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									American Lit., CP

Excerpts from the The Autobiography of Ben Franklin concerning the pursuit of moral perfection…
         It was about this time I conceived the bold and arduous project of arriving at moral
perfection. I wished to live without committing any fault at any time; I would conquer all that
either natural inclination, custom, or company might lead me into. As I knew, or thought I knew,
what was right and wrong, I did not see why I might not always do the one and avoid the other.
But I soon found I had undertaken a task of more difficulty than I had imagined. While my care
was employed in guarding against one fault, I was often surprised by another; habit took the
advantage of inattention; inclination was sometimes too strong for reason. I concluded, at length,
that the mere speculative conviction that it was our interest to be completely virtuous was not
sufficient to prevent our slipping, and that the contrary habits must be broken, and good ones
acquired and established, before we can have any dependence on a steady, uniform rectitude of
conduct. For this purpose I therefore contrived the following method.
         In the various enumerations of the moral virtues I met in my reading, I found the
catalogue more or less numerous, as different writers included more or fewer ideas under the
same name. Temperance, for example, was by some confined to eating and drinking, while by
others it was extended to mean the moderating every other pleasure, appetite, inclination, or
passion, bodily or mental, even to our avarice and ambition. I proposed to myself, for the sake of
clearness, to use rather more names, with fewer ideas annexed to each, than a few names with
more ideas; and I included under thirteen names of virtues all that at that time occurred to me as
necessary or desirable, and annexed to each a short precept, which fully expressed the extent I
gave to its meaning.
These names of virtues, with their precepts were:
1. Temperance
Eat not to dullness; drink not to elevation.
2. Silence
Speak not but what may benefit others or yourself; avoid trifling conversation.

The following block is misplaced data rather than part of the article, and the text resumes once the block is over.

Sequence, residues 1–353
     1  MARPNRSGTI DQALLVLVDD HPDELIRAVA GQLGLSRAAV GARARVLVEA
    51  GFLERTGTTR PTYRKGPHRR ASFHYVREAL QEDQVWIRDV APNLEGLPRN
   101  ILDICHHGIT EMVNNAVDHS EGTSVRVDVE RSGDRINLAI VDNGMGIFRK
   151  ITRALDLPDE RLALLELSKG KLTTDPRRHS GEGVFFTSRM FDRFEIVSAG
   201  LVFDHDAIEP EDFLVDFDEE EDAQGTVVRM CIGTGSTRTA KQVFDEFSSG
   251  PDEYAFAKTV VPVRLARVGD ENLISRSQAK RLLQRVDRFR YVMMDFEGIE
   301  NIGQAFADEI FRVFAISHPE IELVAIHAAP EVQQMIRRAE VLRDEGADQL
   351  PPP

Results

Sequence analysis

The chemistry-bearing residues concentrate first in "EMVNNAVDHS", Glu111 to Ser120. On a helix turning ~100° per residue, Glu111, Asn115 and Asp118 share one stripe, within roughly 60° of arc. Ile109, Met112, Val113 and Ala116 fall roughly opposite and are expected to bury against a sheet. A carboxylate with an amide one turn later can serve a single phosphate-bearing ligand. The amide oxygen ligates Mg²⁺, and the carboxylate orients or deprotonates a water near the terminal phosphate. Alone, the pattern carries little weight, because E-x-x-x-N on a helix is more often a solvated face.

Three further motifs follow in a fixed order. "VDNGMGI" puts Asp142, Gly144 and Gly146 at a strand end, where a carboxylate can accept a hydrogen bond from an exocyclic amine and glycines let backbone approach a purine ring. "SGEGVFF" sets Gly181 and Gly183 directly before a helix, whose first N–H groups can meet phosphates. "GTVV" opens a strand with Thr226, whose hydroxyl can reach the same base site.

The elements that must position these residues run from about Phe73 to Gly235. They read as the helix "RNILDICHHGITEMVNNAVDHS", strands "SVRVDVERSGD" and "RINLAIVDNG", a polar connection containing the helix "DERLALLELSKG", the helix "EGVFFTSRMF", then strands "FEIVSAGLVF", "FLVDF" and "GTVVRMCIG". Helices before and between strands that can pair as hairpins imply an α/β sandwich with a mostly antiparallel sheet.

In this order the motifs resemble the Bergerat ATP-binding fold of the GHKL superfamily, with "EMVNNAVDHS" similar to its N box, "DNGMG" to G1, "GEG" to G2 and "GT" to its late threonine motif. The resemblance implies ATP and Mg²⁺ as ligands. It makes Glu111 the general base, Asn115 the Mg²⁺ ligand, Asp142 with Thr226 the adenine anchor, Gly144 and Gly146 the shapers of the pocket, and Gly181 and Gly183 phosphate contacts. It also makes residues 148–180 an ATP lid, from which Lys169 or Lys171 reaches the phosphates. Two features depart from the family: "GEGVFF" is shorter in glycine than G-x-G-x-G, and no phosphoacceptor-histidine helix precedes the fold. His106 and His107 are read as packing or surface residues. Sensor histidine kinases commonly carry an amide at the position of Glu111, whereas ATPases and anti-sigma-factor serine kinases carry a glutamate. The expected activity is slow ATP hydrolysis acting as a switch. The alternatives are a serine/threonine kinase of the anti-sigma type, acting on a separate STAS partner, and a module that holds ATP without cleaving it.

3. Order
 Let all your things have their places; let each part of your business have its time.
4. Resolution
Resolve to perform what you ought; perform without fail what you resolve.
5. Frugality
Make no expense but to do good to others or yourself, i.e., waste nothing.
6. Industry
 Lose no time; be always employed in something useful; cut off all unnecessary actions.
7. Sincerity
 Use no hurtful deceit; think innocently and justly, and, if you speak, speak accordingly.
8. Justice
 Wrong none by doing injuries or omitting the benefits that are your duty.
9. Moderation
Avoid extremes; forbear resenting injuries so much as you think they deserve.
10. Cleanliness
 Tolerate no uncleanliness in body, clothes, or habitation.
11. Tranquillity
 Be not disturbed at trifles, or at accidents common or unavoidable.
12. Chastity
Rarely use venery but for health or offspring, never to dullness, weakness, or the injury of your
own or another's peace or reputation.
13. Humility
Imitate Jesus and Socrates.




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          My intention being to acquire the habitude of all these virtues, I judged it would be well
not to distract my attention by attempting the whole at once, but to fix it on one of them at a time,
and, when I should be master of that, then to proceed to another, and so on, till I should have gone
thro' the thirteen; and, as the previous acquisition of some might facilitate the acquisition of